The Case For Black Panther’s Best Picture Nomination

By Dave Soto


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Credit: MPAA

In a decision that was bound to stir controversy, Black Panther has become the first superhero film to receive an Academy nod for Best Picture. Going against other boundary pushing works such as Roma and BlacKkKlansmen, Black Panther’s nomination brings a few interesting implications for the future of the Academy and for film making in general.

The last billion dollar total grossing film to be nominated for Best Picture was Toy Story 3, which came out almost ten years ago. It’s no secret that the viewership for the Academy Awards has been dwindling throughout the years, with 2018’s ceremony reaching some of its lowest numbers ever. It makes sense that the academy would try to nominate films that appeal to a larger audience.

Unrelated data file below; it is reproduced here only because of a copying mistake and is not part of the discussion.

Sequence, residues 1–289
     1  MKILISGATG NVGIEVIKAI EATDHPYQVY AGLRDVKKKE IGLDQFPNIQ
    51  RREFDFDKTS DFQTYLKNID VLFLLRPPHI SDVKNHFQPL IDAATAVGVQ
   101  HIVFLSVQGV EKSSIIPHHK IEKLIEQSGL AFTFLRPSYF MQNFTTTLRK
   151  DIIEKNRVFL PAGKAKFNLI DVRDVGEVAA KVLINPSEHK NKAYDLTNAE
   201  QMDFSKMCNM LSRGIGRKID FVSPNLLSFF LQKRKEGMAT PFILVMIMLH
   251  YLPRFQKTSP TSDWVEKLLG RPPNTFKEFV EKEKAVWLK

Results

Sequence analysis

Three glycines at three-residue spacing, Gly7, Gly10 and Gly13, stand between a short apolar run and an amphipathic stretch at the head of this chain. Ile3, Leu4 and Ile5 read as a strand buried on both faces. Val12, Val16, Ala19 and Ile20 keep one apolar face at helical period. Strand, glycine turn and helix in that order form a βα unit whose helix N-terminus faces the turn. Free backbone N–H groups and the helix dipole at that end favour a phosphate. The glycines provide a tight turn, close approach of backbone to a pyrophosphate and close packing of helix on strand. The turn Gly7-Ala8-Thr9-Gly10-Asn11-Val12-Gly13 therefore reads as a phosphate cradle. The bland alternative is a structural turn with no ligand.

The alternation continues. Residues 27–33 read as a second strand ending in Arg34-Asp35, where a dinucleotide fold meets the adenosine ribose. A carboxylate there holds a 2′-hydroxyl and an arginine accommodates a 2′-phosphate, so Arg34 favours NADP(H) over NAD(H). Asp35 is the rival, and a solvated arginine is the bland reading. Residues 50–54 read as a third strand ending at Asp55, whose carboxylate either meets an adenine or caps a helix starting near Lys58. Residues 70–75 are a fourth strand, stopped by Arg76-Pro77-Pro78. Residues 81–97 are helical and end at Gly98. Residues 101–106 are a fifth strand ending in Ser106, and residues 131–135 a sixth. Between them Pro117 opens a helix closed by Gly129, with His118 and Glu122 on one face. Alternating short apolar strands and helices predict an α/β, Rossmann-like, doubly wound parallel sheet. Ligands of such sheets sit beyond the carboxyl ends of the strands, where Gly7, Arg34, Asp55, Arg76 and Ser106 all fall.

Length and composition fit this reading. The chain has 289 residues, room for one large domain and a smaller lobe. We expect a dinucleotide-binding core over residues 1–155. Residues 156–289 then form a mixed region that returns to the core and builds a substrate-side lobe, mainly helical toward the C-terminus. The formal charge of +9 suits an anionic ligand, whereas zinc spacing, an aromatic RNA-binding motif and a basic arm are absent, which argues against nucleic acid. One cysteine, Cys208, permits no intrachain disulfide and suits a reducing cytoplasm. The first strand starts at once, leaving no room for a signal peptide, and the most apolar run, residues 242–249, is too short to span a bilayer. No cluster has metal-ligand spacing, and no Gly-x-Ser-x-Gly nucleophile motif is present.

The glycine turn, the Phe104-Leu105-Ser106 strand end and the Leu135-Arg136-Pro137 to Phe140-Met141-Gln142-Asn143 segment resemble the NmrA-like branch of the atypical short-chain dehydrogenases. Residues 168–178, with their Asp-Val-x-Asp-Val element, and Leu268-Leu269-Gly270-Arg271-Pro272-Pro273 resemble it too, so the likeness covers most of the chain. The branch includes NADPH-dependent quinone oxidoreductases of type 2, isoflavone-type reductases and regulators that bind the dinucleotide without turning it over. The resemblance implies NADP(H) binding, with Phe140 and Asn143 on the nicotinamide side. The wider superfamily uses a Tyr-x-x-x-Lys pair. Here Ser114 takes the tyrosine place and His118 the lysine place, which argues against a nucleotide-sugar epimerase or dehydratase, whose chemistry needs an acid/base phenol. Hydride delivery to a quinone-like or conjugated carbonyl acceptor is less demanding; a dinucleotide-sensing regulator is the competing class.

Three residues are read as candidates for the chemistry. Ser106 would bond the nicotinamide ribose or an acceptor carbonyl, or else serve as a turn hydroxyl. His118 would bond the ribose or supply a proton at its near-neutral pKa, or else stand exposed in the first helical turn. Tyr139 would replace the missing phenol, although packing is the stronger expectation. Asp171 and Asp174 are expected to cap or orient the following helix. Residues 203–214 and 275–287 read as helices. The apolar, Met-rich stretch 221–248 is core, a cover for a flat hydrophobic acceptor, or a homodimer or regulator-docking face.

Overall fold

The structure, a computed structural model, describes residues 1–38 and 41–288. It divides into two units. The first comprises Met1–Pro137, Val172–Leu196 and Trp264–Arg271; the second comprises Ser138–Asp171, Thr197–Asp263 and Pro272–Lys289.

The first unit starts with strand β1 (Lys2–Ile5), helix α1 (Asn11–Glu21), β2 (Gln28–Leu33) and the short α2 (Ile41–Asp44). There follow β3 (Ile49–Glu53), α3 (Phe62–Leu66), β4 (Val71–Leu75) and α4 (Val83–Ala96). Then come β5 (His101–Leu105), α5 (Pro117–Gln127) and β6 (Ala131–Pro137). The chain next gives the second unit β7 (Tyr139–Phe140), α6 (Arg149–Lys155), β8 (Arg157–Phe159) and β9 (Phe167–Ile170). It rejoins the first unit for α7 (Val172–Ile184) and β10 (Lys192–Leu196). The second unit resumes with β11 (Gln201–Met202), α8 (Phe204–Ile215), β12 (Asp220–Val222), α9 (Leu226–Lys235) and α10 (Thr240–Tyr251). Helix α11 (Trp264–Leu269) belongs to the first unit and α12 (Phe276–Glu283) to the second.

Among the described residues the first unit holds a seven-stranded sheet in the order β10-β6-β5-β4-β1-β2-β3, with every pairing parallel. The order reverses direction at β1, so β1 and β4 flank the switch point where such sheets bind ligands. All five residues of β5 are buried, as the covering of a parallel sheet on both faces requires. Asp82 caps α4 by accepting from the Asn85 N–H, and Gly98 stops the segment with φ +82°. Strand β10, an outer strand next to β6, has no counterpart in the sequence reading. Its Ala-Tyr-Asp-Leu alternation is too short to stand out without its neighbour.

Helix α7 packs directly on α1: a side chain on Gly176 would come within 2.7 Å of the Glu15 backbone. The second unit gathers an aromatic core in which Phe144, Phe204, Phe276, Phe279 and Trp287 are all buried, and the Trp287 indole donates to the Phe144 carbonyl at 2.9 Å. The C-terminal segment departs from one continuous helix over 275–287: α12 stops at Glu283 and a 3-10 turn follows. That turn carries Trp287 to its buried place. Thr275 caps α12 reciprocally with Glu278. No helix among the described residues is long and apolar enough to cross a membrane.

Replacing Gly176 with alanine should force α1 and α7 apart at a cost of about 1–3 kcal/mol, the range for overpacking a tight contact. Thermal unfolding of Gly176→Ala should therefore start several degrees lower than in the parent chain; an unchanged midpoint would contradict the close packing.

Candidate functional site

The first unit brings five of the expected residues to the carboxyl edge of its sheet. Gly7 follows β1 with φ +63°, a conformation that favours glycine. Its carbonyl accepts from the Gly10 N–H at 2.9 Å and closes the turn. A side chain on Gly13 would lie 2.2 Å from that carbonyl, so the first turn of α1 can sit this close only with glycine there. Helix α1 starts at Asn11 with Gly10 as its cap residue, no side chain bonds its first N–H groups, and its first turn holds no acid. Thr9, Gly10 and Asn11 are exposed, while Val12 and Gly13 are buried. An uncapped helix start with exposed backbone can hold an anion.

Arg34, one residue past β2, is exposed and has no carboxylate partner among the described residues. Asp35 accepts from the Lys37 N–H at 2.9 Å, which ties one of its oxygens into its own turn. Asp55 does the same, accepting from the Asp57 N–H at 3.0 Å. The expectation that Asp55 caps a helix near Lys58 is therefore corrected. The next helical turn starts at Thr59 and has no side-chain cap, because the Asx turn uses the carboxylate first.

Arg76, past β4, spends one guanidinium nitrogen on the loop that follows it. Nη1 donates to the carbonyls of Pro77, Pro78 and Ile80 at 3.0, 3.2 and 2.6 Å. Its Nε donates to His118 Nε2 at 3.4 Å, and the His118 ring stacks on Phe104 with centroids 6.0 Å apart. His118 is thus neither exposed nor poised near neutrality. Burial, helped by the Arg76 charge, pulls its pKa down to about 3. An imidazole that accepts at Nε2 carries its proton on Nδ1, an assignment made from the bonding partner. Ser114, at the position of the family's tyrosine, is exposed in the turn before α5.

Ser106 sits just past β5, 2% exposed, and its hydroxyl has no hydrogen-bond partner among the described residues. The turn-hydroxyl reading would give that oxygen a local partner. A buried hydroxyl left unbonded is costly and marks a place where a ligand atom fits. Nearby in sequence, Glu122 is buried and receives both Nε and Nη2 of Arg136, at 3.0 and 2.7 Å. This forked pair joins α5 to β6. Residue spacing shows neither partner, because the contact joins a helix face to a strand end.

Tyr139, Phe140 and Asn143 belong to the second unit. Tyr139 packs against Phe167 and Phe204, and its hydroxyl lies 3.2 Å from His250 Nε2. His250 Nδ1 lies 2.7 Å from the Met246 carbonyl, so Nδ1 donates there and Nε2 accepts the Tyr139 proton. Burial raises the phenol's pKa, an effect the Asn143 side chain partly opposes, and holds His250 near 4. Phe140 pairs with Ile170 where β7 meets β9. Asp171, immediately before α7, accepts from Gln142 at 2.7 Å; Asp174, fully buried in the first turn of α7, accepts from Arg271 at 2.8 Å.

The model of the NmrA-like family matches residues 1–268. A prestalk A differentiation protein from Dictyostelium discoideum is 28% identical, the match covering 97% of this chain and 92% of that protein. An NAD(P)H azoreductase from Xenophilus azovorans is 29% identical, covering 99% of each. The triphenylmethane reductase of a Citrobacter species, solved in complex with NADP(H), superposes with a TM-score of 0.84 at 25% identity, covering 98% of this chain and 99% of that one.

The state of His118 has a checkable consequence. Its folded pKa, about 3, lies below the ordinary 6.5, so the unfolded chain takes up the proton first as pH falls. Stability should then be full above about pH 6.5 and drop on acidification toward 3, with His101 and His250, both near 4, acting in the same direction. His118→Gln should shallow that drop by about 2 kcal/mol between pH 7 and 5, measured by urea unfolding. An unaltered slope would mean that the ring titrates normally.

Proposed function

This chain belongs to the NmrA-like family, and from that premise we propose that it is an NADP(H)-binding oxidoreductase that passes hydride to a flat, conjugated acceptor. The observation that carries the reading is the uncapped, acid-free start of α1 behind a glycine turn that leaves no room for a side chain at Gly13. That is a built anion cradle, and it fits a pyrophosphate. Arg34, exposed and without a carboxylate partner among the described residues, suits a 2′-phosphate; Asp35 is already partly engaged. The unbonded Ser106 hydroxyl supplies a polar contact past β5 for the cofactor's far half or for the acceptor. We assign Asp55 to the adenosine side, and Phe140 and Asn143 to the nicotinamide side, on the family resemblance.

Not only was Black Panther one of the biggest (if not THE biggest) cinematic events of 2018, it also crafted a gorgeous and unique film viewing experience. The world of Wakanda, with its various sounds and colors, stands as a breathtaking prospect of what superhero movies could be. The mainly black cast is a refreshing departure from most blockbusters and allows for a villain with a topical and morally ambiguous motivation. Michael B. Jordan’s captivating performance as the charismatically militant Erik Killmonger will likely prove to be a career defining moment in the actor’s growing catalogue.

Yes, particularly toward the end, the visual effects falter in fluidity and the film does fall victim to many big budget tropes, but the bitter cries of, “Black Panther is overrated” prove to be more annoying than the praise the film has amassed. Black Panther may not be perfect, but it is fun and simultaneously treads new ground. While it may not end up taking home the big prize, its ambition and cultural impact are rightfully being acknowledged by the Academy.


Cover image credit: Variety



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